Christian Günther

Christian Ernst Günther (5 December 1886 – 6 March 1966) was Swedish Minister for Foreign Affairs in the Hansson III Cabinet. The unity government was formed after the Soviet attack on Finland in November 1939, the Winter War, and it was dissolved on 31 July 1945.

Christian Günther
Christian E Günther.jpg
Minister of Foreign Affairs
In office
13 December 1939 – 31 July 1945
Prime MinisterPer-Albin Hansson
Preceded byRickard Sandler
Succeeded byÖsten Undén
Personal details
Christian Ernst Günther

(1886-12-05)5 December 1886
Stockholm, Sweden
Died6 March 1966(1966-03-06) (aged 79)
Stockholm, Sweden
Political partyIndependent
SpouseIngrid Günther
ChildrenLena Günther Strååt

Günther, whose father had been Swedish diplomat and whose grandfather briefly had been prime minister, had entered the civil service at the age of 30. He was eight years later transferred to the Foreign Ministry from the position as personal secretary of Prime Ministers Hjalmar Branting and Rickard Sandler. In the Foreign Ministry, he advanced in the 1930s to the position immediately beneath Foreign Minister Rickard Sandler, as Under-secretary of State for Foreign Affairs and then was Accredited as ambassador to Norway, where he intended to stay until retirement.

Günther's main achievement was to defend Sweden's neutrality during the Second World War, which made his country escape the fate of the occupied Norway and the defeated Finland. The dominant historiography for decades after the war ignored the Holocaust and used what it called the "small state realist" argument that neutrality and co-operation with Germany were necessary for survival since Germany was vastly more powerful. Concessions were limited and made only if the threat was too great, neutrality was bent but not broken, national unity was paramount and Sweden had the neutral right of trading with Germany. Swedish iron was needed by Germany, which had nothing to gain and much iron to lose by an invasion.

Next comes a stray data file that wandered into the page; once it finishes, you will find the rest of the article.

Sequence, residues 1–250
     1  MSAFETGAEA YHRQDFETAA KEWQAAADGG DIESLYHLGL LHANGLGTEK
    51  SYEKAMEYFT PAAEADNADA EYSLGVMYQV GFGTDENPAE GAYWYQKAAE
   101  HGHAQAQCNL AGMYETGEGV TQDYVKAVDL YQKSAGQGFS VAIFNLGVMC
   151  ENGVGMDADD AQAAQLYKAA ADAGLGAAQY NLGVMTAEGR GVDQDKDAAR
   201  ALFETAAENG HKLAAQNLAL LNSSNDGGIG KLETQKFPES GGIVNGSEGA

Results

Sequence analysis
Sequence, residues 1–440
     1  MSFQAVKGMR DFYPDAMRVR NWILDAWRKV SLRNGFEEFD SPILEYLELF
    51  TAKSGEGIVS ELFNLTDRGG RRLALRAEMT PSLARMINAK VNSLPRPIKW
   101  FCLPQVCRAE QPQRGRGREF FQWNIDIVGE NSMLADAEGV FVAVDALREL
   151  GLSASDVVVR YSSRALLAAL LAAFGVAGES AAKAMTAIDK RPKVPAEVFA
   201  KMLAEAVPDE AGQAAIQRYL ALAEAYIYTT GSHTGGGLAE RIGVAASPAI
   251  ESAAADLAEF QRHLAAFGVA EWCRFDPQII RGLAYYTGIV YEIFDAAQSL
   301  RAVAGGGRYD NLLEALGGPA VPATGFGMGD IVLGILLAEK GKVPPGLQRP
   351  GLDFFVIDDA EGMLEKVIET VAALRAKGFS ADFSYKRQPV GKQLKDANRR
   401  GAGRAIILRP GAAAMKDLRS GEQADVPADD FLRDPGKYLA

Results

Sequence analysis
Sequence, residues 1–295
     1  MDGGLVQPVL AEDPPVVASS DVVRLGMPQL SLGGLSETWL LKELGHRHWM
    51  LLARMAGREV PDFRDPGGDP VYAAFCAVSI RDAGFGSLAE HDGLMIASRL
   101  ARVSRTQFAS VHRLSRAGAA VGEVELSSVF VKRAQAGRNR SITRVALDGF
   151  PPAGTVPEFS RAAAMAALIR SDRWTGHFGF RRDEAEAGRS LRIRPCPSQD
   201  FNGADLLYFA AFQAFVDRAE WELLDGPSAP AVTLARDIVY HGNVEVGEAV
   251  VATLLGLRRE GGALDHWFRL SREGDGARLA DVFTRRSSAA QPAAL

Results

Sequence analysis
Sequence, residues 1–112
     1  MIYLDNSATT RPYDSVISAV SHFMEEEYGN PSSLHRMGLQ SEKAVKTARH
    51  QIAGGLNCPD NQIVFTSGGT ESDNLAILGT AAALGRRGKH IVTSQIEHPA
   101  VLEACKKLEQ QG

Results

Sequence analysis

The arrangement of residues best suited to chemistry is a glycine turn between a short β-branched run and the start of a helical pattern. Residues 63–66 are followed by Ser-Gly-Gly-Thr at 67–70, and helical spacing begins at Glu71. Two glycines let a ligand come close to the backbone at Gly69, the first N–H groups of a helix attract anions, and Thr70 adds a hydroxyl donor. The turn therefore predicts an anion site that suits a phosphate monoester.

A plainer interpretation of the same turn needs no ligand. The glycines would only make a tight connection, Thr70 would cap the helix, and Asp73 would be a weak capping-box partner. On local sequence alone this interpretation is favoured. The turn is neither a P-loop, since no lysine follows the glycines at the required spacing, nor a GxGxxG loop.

Sweden was run by a unity government, which included all major parties in the Riksdag.[1]

Personal backgroundEdit

Günther was hardly a typical representative for the diplomatic corps. Although a perpetual student of law, his ambitions were rather that of a writer, drama, lyrics and a few novels, not without some success. Unanimous testimony describes him as a man of unassuming ways, high intelligence and a bohemian personality, with a significant lack of ambition; he made his visits in the office as brief as possible. He was passionate for harness racing and had the nerves of a habitual gambler.

Günther represents the last generation of cultural Scandinavists, who were sympathetic to the relative political liberalism in Denmark and Norway. He was influenced from French and English thinking, unlike the [ancien régimes]] of Austria, Prussia, and Russia. Beside that, he was virtually ignorant of the English-speaking world. Like many other liberal Swedes, he was untouched and rather alienated by Finland's political and cultural development after 1809, which was signified by a high regard for the autocratic Gustavian Constitution of 1772, the fervent anti-Germanic Fennomania and the bloody aftermath of the Civil War.

As a foreign minister, Günther favoured policies that were rather in the taste of pro-German Conservatives than of pro-Soviet Radicals. Both during the war and after the Allies' victory, he was the target of criticism, which chiefly argued that the nation's soul would have been better saved by a less indulgent position toward Nazi Germany and a more yielding attitude towards the Allies, even if that had resulted in a German invasion and occupation. Together with his aristocratic appearance and bourgeois upbringing, thatvhas rendered him being sometimes characterized as a conservative. Günther himself would hardly have approved, as he was anardent anti-Nazi; a religious sceptic; and, according to his wife, Ingrid, a cautious supporter of the Social Democratss.